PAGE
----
This neighborhood in Nanjing, China is full of beautifully weathered old stone homes, but one grey structure stands out from the rest. The Concrete Slit House from AZL Architects is a visually stunning piece of architecture: a bit of ultra-modern cast concrete in the middle of traditional masonry homes.
The structure was cast using five centimeter wood planks that give its exterior a deceptive wood grain appearance. It appears to be ripped into two pieces right down the center and the void between filled with long windows that let in ample natural light and cross ventilation.
The three-story home extends below grade and can be accessed via a sunken courtyard. A wooden deck extends from the walls of the home to the outer edges of the property, giving just enough room for a thin line of greenery that partially masks the deck from surrounding homes.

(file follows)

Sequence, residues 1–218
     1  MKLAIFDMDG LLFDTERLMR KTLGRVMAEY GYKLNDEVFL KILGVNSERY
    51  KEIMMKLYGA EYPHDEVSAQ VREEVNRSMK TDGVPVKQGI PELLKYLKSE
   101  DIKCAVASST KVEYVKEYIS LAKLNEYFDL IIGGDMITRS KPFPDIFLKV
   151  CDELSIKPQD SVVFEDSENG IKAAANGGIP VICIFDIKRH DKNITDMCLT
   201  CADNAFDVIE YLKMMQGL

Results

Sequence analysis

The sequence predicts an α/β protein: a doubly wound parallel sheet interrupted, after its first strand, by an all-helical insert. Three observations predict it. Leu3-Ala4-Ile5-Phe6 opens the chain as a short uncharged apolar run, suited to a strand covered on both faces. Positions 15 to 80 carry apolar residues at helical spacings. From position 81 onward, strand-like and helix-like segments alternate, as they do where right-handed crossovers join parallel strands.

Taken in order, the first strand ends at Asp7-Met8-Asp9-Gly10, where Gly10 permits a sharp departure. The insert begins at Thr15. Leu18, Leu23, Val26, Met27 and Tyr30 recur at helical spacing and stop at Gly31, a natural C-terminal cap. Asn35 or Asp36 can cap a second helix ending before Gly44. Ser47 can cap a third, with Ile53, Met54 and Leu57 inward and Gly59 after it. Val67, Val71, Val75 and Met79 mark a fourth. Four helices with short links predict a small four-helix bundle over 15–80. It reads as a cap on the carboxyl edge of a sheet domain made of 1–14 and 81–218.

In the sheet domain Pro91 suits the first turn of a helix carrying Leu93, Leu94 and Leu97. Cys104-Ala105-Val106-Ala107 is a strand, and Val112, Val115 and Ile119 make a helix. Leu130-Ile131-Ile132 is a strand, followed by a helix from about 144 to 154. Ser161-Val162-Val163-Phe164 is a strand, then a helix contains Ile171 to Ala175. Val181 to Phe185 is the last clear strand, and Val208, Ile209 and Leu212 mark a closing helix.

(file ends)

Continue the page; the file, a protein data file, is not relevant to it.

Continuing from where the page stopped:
Inside, light wood and white walls give the home a sense of exaggerated space. Concrete elements extend indoors in select places, bringing in a slightly rougher aesthetic to offset the smooth, airy interior.
More info from the architects:
“Concrete Slit House is a contemporary concrete residence enmeshed within a quiet Kuomingtang-era neighborhood in central Nanjing. The entire structure and roof are made from concrete pressed into a custom mold, handmade from five-centimeter horizontal wood strips to remain in scale with the adjacent century-old brick buildings. The slit in the concrete creates transparency as it responds to interior circulation, and provides different programs with differing interior heights & elevations, thus crates in upper bedrooms half floor volume shifting for its privacy. The living room spans over two stories, the dining area extends over one and half levels, and remaining bedrooms and studies occupy single story spaces.”
“Even though China consumes almost half of the world’s supply of concrete, and Nanjing has seen thirteen-hundred new concrete high-rises in the past twenty-five years, Slit House is the first honest concrete building in Nanjing.”